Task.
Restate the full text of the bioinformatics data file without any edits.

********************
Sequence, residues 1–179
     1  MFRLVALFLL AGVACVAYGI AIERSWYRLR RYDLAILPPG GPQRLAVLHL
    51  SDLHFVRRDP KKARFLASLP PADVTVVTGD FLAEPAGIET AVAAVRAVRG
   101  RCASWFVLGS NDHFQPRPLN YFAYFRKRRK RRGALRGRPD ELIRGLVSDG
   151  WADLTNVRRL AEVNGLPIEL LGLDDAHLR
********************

Sequence, residues 1–179
     1  MFRLVALFLL AGVACVAYGI AIERSWYRLR RYDLAILPPG GPQRLAVLHL
    51  SDLHFVRRDP KKARFLASLP PADVTVVTGD FLAEPAGIET AVAAVRAVRG
   101  RCASWFVLGS NDHFQPRPLN YFAYFRKRRK RRGALRGRPD ELIRGLVSDG
   151  WADLTNVRRL AEVNGLPIEL LGLDDAHLR